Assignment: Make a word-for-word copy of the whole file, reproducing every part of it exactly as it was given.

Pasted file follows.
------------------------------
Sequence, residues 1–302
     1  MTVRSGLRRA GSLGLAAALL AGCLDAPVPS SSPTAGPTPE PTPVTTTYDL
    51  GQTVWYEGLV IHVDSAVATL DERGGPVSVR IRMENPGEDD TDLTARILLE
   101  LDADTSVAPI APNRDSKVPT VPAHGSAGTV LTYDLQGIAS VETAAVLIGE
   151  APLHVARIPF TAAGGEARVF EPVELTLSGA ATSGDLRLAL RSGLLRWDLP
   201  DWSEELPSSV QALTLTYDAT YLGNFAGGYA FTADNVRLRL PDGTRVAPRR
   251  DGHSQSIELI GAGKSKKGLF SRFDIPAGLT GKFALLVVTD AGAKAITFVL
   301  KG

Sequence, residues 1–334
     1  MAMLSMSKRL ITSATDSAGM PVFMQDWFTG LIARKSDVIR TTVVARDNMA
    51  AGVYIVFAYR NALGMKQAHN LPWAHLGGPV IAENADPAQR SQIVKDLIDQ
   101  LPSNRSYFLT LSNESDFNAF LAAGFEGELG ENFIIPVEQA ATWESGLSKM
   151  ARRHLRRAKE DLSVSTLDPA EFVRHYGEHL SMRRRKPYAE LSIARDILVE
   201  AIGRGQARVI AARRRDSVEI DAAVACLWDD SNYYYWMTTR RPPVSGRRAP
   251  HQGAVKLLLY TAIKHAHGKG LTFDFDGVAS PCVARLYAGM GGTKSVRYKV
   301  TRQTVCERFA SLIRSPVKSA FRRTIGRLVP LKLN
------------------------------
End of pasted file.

Sequence, residues 1–302
     1  MTVRSGLRRA GSLGLAAALL AGCLDAPVPS SSPTAGPTPE PTPVTTTYDL
    51  GQTVWYEGLV IHVDSAVATL DERGGPVSVR IRMENPGEDD TDLTARILLE
   101  LDADTSVAPI APNRDSKVPT VPAHGSAGTV LTYDLQGIAS VETAAVLIGE
   151  APLHVARIPF TAAGGEARVF EPVELTLSGA ATSGDLRLAL RSGLLRWDLP
   201  DWSEELPSSV QALTLTYDAT YLGNFAGGYA FTADNVRLRL PDGTRVAPRR
   251  DGHSQSIELI GAGKSKKGLF SRFDIPAGLT GKFALLVVTD AGAKAITFVL
   301  KG

Sequence, residues 1–334
     1  MAMLSMSKRL ITSATDSAGM PVFMQDWFTG LIARKSDVIR TTVVARDNMA
    51  AGVYIVFAYR NALGMKQAHN LPWAHLGGPV IAENADPAQR SQIVKDLIDQ
   101  LPSNRSYFLT LSNESDFNAF LAAGFEGELG ENFIIPVEQA ATWESGLSKM
   151  ARRHLRRAKE DLSVSTLDPA EFVRHYGEHL SMRRRKPYAE LSIARDILVE
   201  AIGRGQARVI AARRRDSVEI DAAVACLWDD SNYYYWMTTR RPPVSGRRAP
   251  HQGAVKLLLY TAIKHAHGKG LTFDFDGVAS PCVARLYAGM GGTKSVRYKV
   301  TRQTVCERFA SLIRSPVKSA FRRTIGRLVP LKLN